Ohio State's New Focus? Rose Bowl Now, Changes Later

Chip MinnichCorrespondent ISeptember 13, 2008

As painful as the USC 35-3 loss is, I remember a few quick things as it relates to relatively recent Ohio State history:

  1. The last time Ohio State scored as few points was in 1993, when it blew a chance at the Big Ten title and the Rose Bowl in losing to Michigan, 28-0.
  2. This was the worst defeat for Ohio State since Penn State absolutely crushed them in Happy Valley in 1994, 63-14. (Yes, SEC fans—Ohio State was defeated even worse by a Big Ten opponent, and it was not for the BCS Championship.)

OK, we have those cathartic statements out of the way. Let's get down to what Ohio State can do in the immediate future, and long-term, to prevent these types of further embarassments on the national stage.

As an Ohio State fan, I would rank this loss to USC the most embarassing in terms of the national focus or stage, considering Ohio State was never in this game. The Florida loss in the 2007 BCS championship game ranks second, then last year's loss to LSU ranks third. But, again, I am only one Ohio State fan, and I am sure there are differing opinions.

Short Term: Involve Terrelle Pryor more and more with the Starting Offense

While Todd Boeckman may have the best knowledge and understanding of the offense, the reality of the situation is that Ohio State coaches, players, and fans have now seen what Todd Boeckman can and cannot do, talent-wise.

Terrelle Pryor needs a lot of work with his passing motion and check-offs in the passing game, but his athletic skills are obvious and can truly help to spark the team. It would be in the team's best interests to see how well Pryor can do against upcoming opponents Troy and Minnesota before the next big game on the schedule, at Wisconsin at night on Oct. 4. Focus on preparing for the future now, rather than later.


Short Term: Focus On Winning the Outright Big Ten Championship

While many members of the media focused on how many of the Ohio State seniors returned to contend for the national championship this year, the reality even prior to this shellacking by USC was that the BCS championship game was an event largely outside of the Ohio State senior players' control; in a championship environment, that is determined by a vote. Who can say who will play for the title, even if someone winds up undefeated?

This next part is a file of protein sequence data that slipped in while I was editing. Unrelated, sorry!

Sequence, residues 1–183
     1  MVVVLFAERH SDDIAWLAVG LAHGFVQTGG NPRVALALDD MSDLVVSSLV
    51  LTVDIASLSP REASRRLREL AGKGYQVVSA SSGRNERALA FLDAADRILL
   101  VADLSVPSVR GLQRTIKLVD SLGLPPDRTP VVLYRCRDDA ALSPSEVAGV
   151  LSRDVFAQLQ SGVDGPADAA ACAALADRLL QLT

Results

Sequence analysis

But I digress. What is still within the control of this team is to win the Big Ten as the outright champion for the third consecutive year. No team in Big Ten history has ever won the Big Ten as an outright champion for three years in a row. This challenge falls exclusively on the senior leadership of this team.

Ohio State cannot play for the BCS championship this year, but there is no reason why Ohio State cannot do everything from here on out to win the Big Ten's berth to the Rose Bowl.


Intermediate to Long Term: Adjust the Scheduling Philosophy

I have addressed this issue extensively before, and I can only hope that others are slowly but surely coming to my side of this argument. No more cupcakes like Youngstown State, Ohio University, Kent State, etc., on the schedule. While I understand why Ohio State wants/needs to have as many home games as possible, the team needs to play tough opponents prior to The Big Ten schedule for reasons that the entire nation witnessed tonight.

Ohio State should be scheduling teams such as West Virginia, Cincinnati, Pittsburgh, Notre Dame (for geographic purposes), one MAC team (and ONLY ONE MAC team), one "tough" non-conference team (such as USC, or, in future years, Miami (FL), California, Oklahoma, etc.), and another Big Ten team.


Intermediate to Long Term: Bring In an Offensive Coordinator

Offensive line coach Jim Bollman also serves as the offensive coordinator, with coach Jim Tressel serving as the unofficial play-caller on game days.

It would be in the program's best long-term interests to bring back Walt Harris as the offensive coordinator, as Ohio State's offensive formations, attack, and general approach are just completely devoid of any creativity or aggressive tendencies. At worst, Harris could develop the passing game philosophies, with Bollman and Tressel focused on the running game philosophies.


Intermediate to Long Term: Consider a New Defensive Coordinator

I would contend a major piece of the puzzle that has been missing to Ohio State's success is coach Mark Dantonio, who was the defensive coordinator for the first three years in coach Tressel's tenure and is now leading Michigan State.

Coach Dantonio's defenses did not consistently apply pressure, but could pressure and force turnovers much more frequently since he left for the Cincinnati job back after the 2003 season.

While he just arrived at Notre Dame, a welcome return would be for coach Jon Tenuta as the defensive coordinator. Tenuta's aggressive blitzing styles that have served him well at Georgia Tech and now at Notre Dame would be comparable to what Ohio State offenses have seen by blitzing defenses such as Florida, LSU, and now USC.


While it would be understandable for Ohio State fans to wallow in self-pity after being demolished by USC, this game only serves as one loss. Troy will be in Columbus next weekend with little-to-no concern about the mental state of Ohio State coaches, players, or fans. It will be interesting to see how coach Tressel, his assistants, and the senior captains regroup after this big loss as Ohio State prepares for the Big Ten, starting with Minnesota on Sept. 27.